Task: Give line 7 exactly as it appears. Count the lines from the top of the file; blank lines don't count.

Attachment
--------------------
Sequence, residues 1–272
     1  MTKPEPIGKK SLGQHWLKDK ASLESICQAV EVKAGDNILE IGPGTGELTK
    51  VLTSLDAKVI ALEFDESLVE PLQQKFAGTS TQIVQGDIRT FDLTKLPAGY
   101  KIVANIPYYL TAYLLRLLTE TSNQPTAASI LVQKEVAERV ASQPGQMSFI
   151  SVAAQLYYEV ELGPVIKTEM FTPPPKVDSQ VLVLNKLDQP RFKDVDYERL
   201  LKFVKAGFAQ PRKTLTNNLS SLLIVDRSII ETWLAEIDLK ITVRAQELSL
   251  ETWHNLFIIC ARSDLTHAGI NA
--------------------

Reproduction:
   251  ETWHNLFIIC ARSDLTHAGI NA